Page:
I've been picking stocks to avoid every week, identifying names that I feel could be challenged in the coming days. My three stocks to avoid last week were on the move -- down 28%, down 23%, and up 5% -- averaging out to an 18.7% decline.

The S&P 500 rose 1.3% for the week, so I was the relative winner with my bearish calls. This week I see Digital World Acquisition Corp. (DWAC), Activision Blizzard (ATVI), and Robinhood Markets (HOOD 1.09%) as vulnerable investments in the near term. Here's why I think these are three stocks to avoid this week.

A dejected seated person as question marks and a downward moving red stock chart arrow are on the wall.

Image source: Getty Images.

Digital World Acquisition

My best call last week was for Digital World Acquisition to take a hit after soaring the week before. The special purpose acquisition company -- SPAC for short -- took off after partnering with Trump Media & Technology Group for the launch of the Truth Social platform.

It wasn't a political call. I've seen too many SPAC deals surge after announcing a dance partner, only to slide once reality kicks in. Like most SPACs, Digital World Acquisition has a little less than $10 a share in cash, and hot acquisitions often require additional dilutive financing to SPAC investors.

The stock took a 28% hit last week. I don't tend to repeat a bearish pick after a hefty tumble, but Digital World Acquisition is still trading for more than four times its cash with terms of the potential pairing still murky to say the least.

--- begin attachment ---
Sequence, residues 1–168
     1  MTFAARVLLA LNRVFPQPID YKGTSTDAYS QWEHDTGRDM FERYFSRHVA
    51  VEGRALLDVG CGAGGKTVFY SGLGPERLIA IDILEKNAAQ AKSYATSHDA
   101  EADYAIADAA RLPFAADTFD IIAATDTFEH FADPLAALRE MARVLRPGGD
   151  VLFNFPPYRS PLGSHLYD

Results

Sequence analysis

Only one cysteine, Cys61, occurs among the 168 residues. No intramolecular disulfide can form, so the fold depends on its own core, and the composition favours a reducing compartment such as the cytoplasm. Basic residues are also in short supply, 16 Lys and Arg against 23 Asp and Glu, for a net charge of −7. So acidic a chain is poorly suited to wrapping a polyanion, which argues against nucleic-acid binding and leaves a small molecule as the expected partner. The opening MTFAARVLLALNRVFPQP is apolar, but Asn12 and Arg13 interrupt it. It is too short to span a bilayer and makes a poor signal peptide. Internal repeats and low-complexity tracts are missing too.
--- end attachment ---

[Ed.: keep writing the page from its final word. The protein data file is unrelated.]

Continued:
Activision Blizzard

One would think the popularity of video games is booming in the pandemic. If we're spending more time at home streaming, aren't we also playing Call of Duty and World of Warcraft? Activision Blizzard isn't living up to its end of the bargain. The stock is trading closer to its 52-week low than its 52-week high, and it's heading to a tricky quarterly report on Tuesday afternoon.

Activision Blizzard had an October that offered more tricks than treats. It had to fire nearly two dozen employees following harassment allegations, hit the brakes on planning next year's BlizzCon online event, and roll out an anti-cheat mechanism to remedy Call of Duty flaws. 

Activision Blizzard is having a rough year. Analysts see revenue climbing shy of 5% in 2021, and it has posted double-digit top-line growth just once over the past five years. 

Robinhood Markets

Last week was rough for Robinhood Markets. The next-gen online trading platform became a broken IPO after positing disappointing quarterly results. Robinhood experienced a problematic sequential dip in funded accounts, suggesting that traders are moving on to more flexible platforms. 

Robinhood has talked about wanting to ramp up its offerings. It has crypto wallets in the works, and it also promises that account transfers and IRA accounts are on its near-term product roadmap. It will continue to shed customer counts until it becomes a more full-featured trading platform. 

If you're looking for safe stocks, you aren't likely to find them in Digital World Acquisition, Activision Blizzard, and Robinhood Markets this week.